Moreton Hall is a safe, low crime area but that is making residents complacent, a police
representative warned on
Speaking at the annual general meeting of the Moreton Hall Residents’ Association, PCSO Tim Hartup told people on the estate to think more wisely about the security of their homes.
He said: “You’re lucky because you live in a low crime, safe area but because of that you suffer from complacency.
“Think about your home security. Think about your shed, your garage, your car.”
Mr Hartup said a total of 198 crimes had been reported on Moreton Hall since March, consisting largely of theft from vehicles and burglaries of sheds and garages.
He told the meeting that six vans had been targeted because of tools left inside and a number of sheds and garages for items like lawn mowers, strimmers and tools, all of which could be easily sold at car boot sales or on the internet.
“There have been one too many burglaries of dwellings since March, only one but that’s one too many, and that did involve the insecurity of a patio door,” added Mr Hartup.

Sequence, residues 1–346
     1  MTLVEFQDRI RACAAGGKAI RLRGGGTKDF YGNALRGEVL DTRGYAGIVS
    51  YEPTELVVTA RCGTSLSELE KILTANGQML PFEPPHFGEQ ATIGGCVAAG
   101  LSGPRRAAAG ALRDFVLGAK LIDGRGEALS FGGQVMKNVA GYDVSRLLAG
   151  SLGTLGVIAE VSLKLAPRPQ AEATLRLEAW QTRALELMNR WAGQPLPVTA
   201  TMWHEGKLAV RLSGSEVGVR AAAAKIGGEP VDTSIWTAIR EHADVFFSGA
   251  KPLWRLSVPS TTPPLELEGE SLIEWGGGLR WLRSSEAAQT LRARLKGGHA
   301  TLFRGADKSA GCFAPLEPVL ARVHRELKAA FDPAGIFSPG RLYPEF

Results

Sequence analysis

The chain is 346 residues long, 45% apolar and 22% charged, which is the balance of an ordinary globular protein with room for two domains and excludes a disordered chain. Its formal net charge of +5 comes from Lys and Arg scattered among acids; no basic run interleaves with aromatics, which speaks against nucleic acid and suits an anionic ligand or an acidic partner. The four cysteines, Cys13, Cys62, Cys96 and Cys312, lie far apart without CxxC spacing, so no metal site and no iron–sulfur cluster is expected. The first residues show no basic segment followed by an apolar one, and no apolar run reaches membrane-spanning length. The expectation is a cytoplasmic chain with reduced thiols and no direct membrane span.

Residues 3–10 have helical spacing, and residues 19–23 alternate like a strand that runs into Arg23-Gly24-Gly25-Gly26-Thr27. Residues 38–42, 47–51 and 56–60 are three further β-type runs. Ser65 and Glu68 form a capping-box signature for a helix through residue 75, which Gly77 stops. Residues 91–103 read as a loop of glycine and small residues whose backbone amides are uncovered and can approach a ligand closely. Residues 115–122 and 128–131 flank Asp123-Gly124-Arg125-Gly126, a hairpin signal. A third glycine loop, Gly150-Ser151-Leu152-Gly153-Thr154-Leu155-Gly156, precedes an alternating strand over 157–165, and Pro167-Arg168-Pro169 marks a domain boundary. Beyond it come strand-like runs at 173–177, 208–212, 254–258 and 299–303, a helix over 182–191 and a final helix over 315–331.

He said anti-social behaviour in the areas around the shops in Lawson Place, the community centre and the play area in Daisy Avenue were mostly connected to young people and that two adults had been prosecuted for buying alcohol on their behalf.
Asked about the prevalence of Neighbourhood Watch schemes, Mr Hartup said Police Direct’s free messaging service had proved so successful that schemes had ‘dipped slightly’.
One resident said: “I heard that we’re getting youths from other estates, is that true?”
Mr Hartup said: “It is true and I have asked them why and the answer I’ve got is because there’s more girls up here. “There’s also a lot of nice open spaces but the answer is they’re coming here for the girls.”
Representatives from developers Taylor Wimpey and Berkeley and Cllr Jane Storey, the deputy leader of Suffolk County Council, also spoke at the meeting.
Cllr Storey agreed that a good way to tackle discussions on traffic problems in and around the estate would be to set up a joint working party with the residents’ association and the county council.
“I can’t see any reason why that shouldn’t happen. I think that’s a very good way of working so I’ll ask our local highways team to get in touch,” she said.
Following concerns over the location of a secondary school on the estate, Neil Osborn, on behalf of Taylor Wimpey, said an offer had been made for some land at Rougham Airfield.
He said: “We’ve made a formal written offer of land to the educational authority to allow that school to get under way as soon as possible. We want a school to be provided in Moreton Hall, we think it’s vital for the community.”